Where do the aircraft pop up again? A new study shows that we have difficulty understanding how the edges of a world map are connected. Both adults and children have great difficulties to accurately indicate where an aircraft passing the world map's edge comes back to the map.
"It is very exciting to be able to make new discoveries in a field that has existed and been discussed as long as map projections," says Pontus Hennerdal, a PhD student at Stockholm University and author of the study.
The results, based on responses from 752 people, shows that both children and adults often mistakenly believe that an airplane passing over the southern edge of a rectangular map of the world will return to the map from the northern edge. This misunderstanding, to believe that the North Pole (the place on Earth that is farthest from the South Pole) is where you arrive just after the South Pole has been passed is clearly problematic for the understanding of Earth.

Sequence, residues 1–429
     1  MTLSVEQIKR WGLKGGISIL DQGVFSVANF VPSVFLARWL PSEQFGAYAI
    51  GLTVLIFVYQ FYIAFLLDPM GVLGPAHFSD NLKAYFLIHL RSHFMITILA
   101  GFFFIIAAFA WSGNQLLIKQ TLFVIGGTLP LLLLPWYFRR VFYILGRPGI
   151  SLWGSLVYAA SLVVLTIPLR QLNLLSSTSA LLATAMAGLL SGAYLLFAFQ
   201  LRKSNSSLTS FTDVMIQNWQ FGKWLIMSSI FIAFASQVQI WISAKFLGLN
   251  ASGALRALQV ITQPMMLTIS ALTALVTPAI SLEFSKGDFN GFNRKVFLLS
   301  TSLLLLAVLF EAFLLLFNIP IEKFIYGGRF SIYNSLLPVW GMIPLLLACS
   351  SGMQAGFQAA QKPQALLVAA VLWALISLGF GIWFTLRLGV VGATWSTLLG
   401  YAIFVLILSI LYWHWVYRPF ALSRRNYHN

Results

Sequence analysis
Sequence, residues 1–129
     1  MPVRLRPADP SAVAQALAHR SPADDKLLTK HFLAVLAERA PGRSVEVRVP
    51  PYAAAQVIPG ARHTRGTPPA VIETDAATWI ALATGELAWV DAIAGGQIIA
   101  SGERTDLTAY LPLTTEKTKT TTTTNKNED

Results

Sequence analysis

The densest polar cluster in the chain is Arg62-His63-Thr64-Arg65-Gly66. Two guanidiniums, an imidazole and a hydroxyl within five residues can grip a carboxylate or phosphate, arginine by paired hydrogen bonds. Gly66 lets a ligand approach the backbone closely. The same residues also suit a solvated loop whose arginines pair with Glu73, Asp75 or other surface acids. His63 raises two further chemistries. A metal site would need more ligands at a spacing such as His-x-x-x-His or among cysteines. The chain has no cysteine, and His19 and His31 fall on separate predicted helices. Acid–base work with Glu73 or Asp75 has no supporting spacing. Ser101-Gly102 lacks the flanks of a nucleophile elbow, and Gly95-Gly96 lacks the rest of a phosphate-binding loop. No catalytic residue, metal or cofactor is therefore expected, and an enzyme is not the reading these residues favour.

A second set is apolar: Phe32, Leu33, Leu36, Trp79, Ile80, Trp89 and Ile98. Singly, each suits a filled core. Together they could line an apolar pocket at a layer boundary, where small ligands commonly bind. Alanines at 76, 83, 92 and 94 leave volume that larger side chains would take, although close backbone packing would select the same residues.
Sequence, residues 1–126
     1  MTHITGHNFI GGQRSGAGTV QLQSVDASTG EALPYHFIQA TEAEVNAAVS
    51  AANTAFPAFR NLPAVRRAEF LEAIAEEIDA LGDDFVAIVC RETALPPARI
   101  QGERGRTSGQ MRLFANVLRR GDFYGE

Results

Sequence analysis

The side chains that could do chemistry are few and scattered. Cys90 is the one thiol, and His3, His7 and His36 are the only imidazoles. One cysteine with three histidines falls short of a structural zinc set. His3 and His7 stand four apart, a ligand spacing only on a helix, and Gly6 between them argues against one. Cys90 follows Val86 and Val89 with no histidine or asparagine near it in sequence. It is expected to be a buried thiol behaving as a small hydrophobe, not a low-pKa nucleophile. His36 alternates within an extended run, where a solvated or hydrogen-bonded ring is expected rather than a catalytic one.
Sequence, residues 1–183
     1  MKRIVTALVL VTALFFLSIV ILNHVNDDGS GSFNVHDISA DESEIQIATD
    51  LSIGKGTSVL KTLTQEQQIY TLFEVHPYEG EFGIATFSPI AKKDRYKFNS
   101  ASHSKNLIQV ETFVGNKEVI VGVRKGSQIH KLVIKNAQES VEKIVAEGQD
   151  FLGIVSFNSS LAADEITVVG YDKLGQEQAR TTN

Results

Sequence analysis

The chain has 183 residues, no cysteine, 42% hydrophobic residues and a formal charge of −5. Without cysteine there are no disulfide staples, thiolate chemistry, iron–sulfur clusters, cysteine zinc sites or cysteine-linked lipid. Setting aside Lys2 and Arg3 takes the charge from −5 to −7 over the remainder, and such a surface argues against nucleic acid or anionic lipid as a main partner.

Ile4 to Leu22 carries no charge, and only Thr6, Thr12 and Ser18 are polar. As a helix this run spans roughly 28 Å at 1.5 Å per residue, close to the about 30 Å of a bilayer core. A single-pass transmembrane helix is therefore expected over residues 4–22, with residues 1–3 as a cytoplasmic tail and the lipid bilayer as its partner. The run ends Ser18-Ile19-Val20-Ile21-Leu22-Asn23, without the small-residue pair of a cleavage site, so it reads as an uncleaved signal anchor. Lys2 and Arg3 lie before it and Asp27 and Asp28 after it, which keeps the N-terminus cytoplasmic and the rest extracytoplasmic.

The misunderstanding follows, according to the study, the idea of linear peripheral continuity, meaning the idea that the plane appears along the line that forms a straight tail after the aircraft when it goes out over the edge of the map. The same idea which misleads the map reader when it comes to how the edges of the world are joined together in a north-south direction instead helps the map reader to join the maps edges correctly in east-west direction.
"The discovery of this difficulty regarding the edge of world maps enables focus on creating a better understanding of this through, for example, education. But the discovery could also affect how world maps will be designed in the future," says Pontus Hennerdal.
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